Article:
As she got off the bus, she slipped on the ice, and tumbled forwards. Thankfully, there weren't many kids on the bus, so the laughter was minimal. All the same, she stood, took a mock bow to the bus, sending Betty into fits of giggles, then stomped through the snow to her house.
She glanced at the icicles that were already forming under the drainpipe and shrugged. They were pretty, she supposed, but she really was not fond of winter. Cold, too white, always went, sneezy, breezy winter was something that always sent her searching for a cozy blanket, a fire in the fireplace, lots of hot chocolate, and her dog. She didn't have time for all of that, but one thing was coming.
She pulled off one glove and shivered, then dug in her pocket for her key. Opening the door she let out a soft “ahhhhhhhhhhhhhhh” when the heat blasted her in her face. She slipped inside and kicked the door shut, then went straight to the kitchen.
Moments later, her hat and gloves were shoved in her backpack, the hot chocolate was brewing from the Keurig, and she was humming to herself. The second the last drip fell from the machine, Melisande grabbed her mug, took one sip, repeated another “ahhhhhhhhhhhh," then hoisted her backpack over her shoulder. She strolled to the stairs and took another sip.
Three steps up, she paused, feeling a touch of vertigo. This was new to her, so she frowned. She closed her eyes, took a few deep breaths, then opened them.
Then closed them again.
Then opened them again.
Then gasped, stumbled, dropped her mug, sending hot chocolate flying in a beautiful and wasteful arc after it. The mug didn't break, but the hot chocolate was gone, lost into the plushness of the most vibrant green grass that Mel had ever seen.
“My hot chocolate!” Mel said, her mind denying what she was seeing around her and focusing on something familiar. She picked up the mug, looked into it as if the hot chocolate would miraculously re-appear, then looked around again.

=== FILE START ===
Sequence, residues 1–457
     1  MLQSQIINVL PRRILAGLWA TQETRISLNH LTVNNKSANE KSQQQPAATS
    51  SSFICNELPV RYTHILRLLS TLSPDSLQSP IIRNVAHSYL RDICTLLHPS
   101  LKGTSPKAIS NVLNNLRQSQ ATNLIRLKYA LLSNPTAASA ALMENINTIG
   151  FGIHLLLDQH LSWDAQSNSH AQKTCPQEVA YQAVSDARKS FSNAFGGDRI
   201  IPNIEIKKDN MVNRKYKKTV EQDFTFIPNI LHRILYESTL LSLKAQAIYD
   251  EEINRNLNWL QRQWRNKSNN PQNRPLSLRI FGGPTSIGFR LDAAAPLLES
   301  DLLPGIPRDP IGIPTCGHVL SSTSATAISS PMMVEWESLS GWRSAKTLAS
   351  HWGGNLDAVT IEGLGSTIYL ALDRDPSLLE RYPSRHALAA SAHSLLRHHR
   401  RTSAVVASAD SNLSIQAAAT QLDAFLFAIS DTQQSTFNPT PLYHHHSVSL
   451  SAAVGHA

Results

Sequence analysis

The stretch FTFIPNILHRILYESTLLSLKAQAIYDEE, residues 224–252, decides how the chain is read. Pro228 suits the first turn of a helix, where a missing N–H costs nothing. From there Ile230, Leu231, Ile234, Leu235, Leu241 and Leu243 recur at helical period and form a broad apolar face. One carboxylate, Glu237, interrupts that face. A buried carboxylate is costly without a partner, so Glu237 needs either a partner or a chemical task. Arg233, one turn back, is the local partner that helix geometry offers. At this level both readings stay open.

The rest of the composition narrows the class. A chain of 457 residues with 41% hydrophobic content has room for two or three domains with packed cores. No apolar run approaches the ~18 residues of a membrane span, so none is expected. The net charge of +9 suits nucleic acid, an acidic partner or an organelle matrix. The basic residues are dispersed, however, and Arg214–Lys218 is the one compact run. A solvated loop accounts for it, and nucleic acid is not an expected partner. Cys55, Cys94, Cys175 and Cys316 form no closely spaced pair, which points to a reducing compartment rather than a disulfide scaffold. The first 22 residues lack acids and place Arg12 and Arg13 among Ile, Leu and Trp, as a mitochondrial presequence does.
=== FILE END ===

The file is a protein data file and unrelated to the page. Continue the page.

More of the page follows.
She was no longer in her home in Framingham. The house was gone, as was the snow. It wasn't cold anymore. It was beautiful and she realized she was very overdressed for the weather.
If she was there. If she hadn't fallen and was hallucinating. She began to wonder if you retained your sense of smell in a hallucination, because the smells were everywhere. Beautiful flowers the likes of which she never had seen were strewn around, highlighting a stream with clear water that danced over rocks gave off the most enticing aroma.
She was growing hot, so she put the mug into her backpack, shoving it between the architecture book and the squashed half-sandwich. Next to go into her backpack was the sweater. She loved the asymmetrical bottom and collar, but they were making her overheat. The jacket was too big to fit in the backpack, so she draped it over her arm. In just her red blouse and jeans, she was far more comfortable and was better able to breathe and look around.
There was a large rock by the stream and she decided to sit on it and try to figure out what happened, where she was. Nobody was around to hear, so she began to speak to herself.
“Well. Not at home. It's beautiful here, but I'm going to miss my appointment. Mom's gonna kill me.” This made her frown. Her parents were going to think she'd been kidnapped if she didn't get home soon. If she wasn't really at home and dreaming all of this.
“Last thing I knew, I was on the stairs heading to my room. My head spun. Did I fall and hit it? Am I in a coma or dead?”